People's Democracy

(Weekly Organ of the Communist Party of India (Marxist)


No. 43

October 27, 2013




Egypt and the End of Arab Spring


Yohannan Chemarapally


THE “Arab Spring” has finally faded out --- along with all the hoopla of western style democracy taking root in the region. Only Iran in the region has been able to hold elections every four years since the Islamic Revolution of 1979. The elections there, despite some checks by the theocratic establishment, have allowed competing factions to have their say. The elected government in Tunisia is just about holding on in the face of intense pressure. The Islamists, who won the majority there, unlike their counterparts in Egypt, had the foresight of forming a more inclusive government that has representatives from the secular parties. Lebanon too holds elections but the archaic constitution has guaranteed that power is distributed on sectarian lines.




Egypt, the most populous and powerful Arab nation, is back under military control after barely a year under civilian rule. The Egyptian ambassador to Indians, Khaled el Bakly, claims that he does not view the happenings in Egypt as the end of the road for Arab Spring and for the growth of democracy in the region. He said that the Egyptian army only intervened when the Muslim Brotherhood refused to listen to the voices of a majority of the Egyptian people and went resolutely ahead to enshrine a constitution that would have given dictatorial powers to the presidency. He pointed out that there was no article for the impeachment of the president in the proposed new constitution that the former ruling party had drafted. The army leadership, he says, had tried its best to hammer out a compromise solution between the Brotherhood and its opponents. “Collecting signatures was the only option left for ordinary Egyptians. More than 22 million signed the petition demanding the dismissal of the Morsi government,” the ambassador claimed. The army, he said, had no other choice but to side with the “33 million people” who had staged protests all over Egypt.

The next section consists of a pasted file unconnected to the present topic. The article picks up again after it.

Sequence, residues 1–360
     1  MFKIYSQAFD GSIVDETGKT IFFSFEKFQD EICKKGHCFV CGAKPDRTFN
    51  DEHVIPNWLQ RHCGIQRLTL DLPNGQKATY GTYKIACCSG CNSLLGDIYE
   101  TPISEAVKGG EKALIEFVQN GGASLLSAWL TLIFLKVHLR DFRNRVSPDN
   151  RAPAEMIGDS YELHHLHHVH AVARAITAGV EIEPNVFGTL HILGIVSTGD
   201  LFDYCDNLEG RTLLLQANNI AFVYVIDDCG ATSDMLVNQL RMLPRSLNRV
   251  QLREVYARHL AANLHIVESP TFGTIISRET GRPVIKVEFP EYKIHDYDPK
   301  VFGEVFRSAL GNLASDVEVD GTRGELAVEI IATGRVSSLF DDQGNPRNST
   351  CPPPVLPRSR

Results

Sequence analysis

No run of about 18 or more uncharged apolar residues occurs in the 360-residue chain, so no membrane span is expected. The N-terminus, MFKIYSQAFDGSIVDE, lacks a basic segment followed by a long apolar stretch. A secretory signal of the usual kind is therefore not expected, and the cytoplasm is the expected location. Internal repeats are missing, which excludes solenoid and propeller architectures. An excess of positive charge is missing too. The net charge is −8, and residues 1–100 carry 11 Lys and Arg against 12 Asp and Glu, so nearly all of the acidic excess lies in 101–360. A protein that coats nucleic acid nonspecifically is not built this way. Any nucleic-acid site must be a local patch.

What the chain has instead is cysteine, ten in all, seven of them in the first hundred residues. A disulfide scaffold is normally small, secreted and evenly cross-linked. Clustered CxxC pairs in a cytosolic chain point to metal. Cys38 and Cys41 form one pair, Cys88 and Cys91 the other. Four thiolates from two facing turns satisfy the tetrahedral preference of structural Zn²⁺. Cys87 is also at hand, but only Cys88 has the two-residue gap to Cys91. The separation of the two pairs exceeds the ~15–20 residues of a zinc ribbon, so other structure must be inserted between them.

The diplomat further insisted that the military has not usurped power and that a clear roadmap for the holding of elections is in place. Bakly said that elections would be held within seven to nine months and that he expected all the political parties, including the Brotherhood, to participate. With its top leadership either in jail or hiding, however, the Muslim Brothers are unlikely to take the bait. It is only recently that the Egyptian authorities have soft-pedalled the talk about banning the organisation. Many observers of the region are predicting that Egypt could experience the kind of bloody scenario that was witnessed in Algeria after the army had stepped in to prevent the Islamic Salvation Front (FIS) from coming to power in 1991. A brutal civil war followed in which more than a hundred thousand people perished. Relative calm could be restored in Algeria only after more than a decade. Egyptian officials say that they are prepared for any eventuality and are confident of negating any threat posed by terrorism to national unity.